The European Environment Agency’s new publication examines more than 40 years of environment policymaking in Europe. It includes an overview of the types of public intervention that are evaluated in policy evaluations, discussing the differences among the goals, objectives and targets of these. The report provides an ‘evaluator’s toolbox’, with examples of evaluation approaches; evidence collection processes and methods and examples of analytical methods. Finally, it presents the directions that the EEA intends to pursue in the area of policy evaluation. More...
2. The EU Referendum and the UK Environment: The Future Under a ‘Hard’ and a ‘Soft’ Brexit
‘Brexit means Brexit’: but what does Brexit mean for the environment? In this new study, Dr Charlotte Burns (University of York), Prof Andrew Jordan and Dr Viviane Gravey (University of East Anglia) explore what Brexit may mean for UK environmental policies and governance processes by comparing two scenarios: a ‘soft’ and a ‘hard’ Brexit. A ‘soft’ Brexit would see the UK remain as close as possible to the EU, establishing a new relationship akin to Norway’s current relationship with the EU. Conversely a ‘hard’ Brexit would see the UK trade with the EU under World Trade Organisation rules. The two scenarios generate radically different impacts on policies, systems of governance and levels of environmental quality in the UK – key issues that should inform forthcoming negotiations to effect Brexit. The study concludes with suggestions for future research and policy. More...
3. SHARPER: Seasonal health and resilience for ageing urban populations and environments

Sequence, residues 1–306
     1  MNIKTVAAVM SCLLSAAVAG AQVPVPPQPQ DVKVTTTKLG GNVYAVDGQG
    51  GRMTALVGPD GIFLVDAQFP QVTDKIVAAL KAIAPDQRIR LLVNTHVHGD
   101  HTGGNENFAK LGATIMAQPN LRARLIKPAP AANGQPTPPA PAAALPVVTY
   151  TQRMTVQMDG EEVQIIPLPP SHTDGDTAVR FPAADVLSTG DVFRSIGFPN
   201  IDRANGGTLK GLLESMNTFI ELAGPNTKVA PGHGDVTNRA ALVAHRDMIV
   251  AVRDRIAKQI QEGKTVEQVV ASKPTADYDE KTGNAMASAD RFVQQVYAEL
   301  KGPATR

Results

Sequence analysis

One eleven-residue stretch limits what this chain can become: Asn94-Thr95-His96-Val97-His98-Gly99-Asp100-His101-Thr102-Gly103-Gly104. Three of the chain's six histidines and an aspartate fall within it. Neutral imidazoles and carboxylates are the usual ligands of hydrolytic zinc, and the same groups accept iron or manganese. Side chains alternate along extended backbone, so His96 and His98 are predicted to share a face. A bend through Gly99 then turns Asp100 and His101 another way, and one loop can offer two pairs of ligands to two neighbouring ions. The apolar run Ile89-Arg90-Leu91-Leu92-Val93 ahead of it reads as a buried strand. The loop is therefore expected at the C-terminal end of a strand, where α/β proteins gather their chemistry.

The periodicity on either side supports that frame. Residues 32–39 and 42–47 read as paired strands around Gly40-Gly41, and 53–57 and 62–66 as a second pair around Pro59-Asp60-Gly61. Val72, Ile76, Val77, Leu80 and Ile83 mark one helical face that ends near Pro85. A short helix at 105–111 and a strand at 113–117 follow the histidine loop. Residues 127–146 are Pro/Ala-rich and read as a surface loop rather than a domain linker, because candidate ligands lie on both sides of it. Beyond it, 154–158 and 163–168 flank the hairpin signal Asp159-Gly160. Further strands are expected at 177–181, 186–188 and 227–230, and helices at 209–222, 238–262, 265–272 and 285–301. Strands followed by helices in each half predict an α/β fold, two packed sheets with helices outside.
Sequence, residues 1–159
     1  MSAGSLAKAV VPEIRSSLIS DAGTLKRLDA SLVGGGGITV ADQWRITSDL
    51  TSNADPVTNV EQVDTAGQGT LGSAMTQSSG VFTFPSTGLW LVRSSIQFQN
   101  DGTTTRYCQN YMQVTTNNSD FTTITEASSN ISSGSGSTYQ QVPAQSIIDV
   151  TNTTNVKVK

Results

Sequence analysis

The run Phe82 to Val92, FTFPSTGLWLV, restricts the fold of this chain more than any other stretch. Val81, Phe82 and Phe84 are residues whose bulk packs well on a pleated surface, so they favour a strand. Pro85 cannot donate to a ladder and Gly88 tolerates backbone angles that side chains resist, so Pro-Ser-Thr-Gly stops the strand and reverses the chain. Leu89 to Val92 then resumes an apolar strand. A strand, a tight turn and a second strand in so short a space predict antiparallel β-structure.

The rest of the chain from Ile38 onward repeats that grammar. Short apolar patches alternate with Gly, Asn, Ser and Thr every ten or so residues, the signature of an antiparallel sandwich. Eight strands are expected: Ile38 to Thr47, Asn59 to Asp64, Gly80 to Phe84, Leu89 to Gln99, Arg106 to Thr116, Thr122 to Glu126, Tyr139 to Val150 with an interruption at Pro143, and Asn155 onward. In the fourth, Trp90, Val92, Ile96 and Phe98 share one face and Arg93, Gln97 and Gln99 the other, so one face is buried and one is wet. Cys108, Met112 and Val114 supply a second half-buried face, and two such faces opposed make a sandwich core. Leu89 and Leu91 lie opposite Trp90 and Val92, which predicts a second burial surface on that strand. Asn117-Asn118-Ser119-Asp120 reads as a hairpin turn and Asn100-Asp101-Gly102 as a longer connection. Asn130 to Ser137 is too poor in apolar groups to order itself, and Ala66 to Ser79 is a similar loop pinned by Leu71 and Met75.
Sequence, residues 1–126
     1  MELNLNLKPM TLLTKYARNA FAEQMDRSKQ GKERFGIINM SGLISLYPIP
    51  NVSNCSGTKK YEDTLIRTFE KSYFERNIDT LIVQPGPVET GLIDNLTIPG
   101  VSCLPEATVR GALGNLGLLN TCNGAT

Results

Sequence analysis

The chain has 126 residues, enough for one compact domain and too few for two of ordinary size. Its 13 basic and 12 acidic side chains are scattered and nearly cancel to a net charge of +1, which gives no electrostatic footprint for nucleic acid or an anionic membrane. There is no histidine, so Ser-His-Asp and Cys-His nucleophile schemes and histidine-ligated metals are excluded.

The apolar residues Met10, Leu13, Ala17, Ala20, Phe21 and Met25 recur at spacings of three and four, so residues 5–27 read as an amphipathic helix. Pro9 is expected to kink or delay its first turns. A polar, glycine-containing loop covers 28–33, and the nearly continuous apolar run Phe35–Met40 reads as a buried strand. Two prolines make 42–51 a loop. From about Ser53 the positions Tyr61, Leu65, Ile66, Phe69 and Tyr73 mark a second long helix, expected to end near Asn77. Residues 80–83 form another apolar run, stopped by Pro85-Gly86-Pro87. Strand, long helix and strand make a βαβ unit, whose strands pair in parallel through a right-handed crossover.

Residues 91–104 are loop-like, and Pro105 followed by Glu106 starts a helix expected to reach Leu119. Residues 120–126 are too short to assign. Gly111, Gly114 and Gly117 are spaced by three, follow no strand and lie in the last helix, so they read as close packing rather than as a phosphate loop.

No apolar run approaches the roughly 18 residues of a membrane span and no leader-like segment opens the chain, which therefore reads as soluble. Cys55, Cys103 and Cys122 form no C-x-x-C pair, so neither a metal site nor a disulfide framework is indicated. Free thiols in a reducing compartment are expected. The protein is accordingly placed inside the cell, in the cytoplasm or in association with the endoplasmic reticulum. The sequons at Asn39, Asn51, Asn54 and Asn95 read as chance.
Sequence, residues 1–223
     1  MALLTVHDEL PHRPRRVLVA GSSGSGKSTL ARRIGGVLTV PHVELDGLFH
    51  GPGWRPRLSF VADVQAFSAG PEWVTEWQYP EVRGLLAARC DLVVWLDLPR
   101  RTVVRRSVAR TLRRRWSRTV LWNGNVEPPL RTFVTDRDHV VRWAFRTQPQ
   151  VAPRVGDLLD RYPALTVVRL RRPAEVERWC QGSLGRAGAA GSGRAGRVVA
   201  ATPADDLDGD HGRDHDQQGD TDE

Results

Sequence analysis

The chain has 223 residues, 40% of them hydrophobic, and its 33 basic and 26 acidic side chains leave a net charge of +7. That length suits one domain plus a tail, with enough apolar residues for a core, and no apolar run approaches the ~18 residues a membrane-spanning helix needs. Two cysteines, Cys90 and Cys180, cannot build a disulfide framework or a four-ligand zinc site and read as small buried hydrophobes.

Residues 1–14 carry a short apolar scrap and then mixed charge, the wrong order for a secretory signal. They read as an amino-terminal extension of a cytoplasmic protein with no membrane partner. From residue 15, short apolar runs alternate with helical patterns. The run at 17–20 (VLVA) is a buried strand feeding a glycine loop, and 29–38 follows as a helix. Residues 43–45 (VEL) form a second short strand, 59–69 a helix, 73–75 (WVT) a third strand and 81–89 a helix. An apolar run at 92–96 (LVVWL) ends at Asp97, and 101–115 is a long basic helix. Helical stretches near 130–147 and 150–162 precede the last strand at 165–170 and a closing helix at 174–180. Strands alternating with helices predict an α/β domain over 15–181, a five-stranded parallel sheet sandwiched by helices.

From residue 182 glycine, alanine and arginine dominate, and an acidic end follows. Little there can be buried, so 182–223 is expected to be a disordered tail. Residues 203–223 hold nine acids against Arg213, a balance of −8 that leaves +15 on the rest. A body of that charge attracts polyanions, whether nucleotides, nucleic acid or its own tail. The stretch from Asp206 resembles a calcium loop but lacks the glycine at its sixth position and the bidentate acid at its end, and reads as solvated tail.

The SHARPER report by Arup and partners focusses on how climate change impacts, continued urbanisation and an ageing population are affecting London, New York and Shanghai. It highlights the risk of heat waves to the elderly in London, using satellite data to obtain surface temperature maps and socio-economic data (factors such as population density, health, mobility and quality of housing) to develop a Heat Vulnerability Index (HVI) for the city, to gain an understanding of where the population is most at risk. Land cover is significant, with built up areas being more affected by the Urban Heat Island Effect, where heat is absorbed and released by buildings and paved surfaces, resulting in a warmer micro-climate, whereas medium and large scale green spaces and water bodies play an important cooling role during heatwave events. The study found that the highest vulnerability areas were in the London Boroughs of Hackney, Islington and Tower Hamlets. The borough of Hammersmith and Fulham has high land surface temperatures but due to socio-economic factors scored low on the heat vulnerability map. The lowest concentration of those most at risk were in the boroughs of Richmond upon Thames, Bromley and Sutton. More...
4. New model farming: resilience through diversity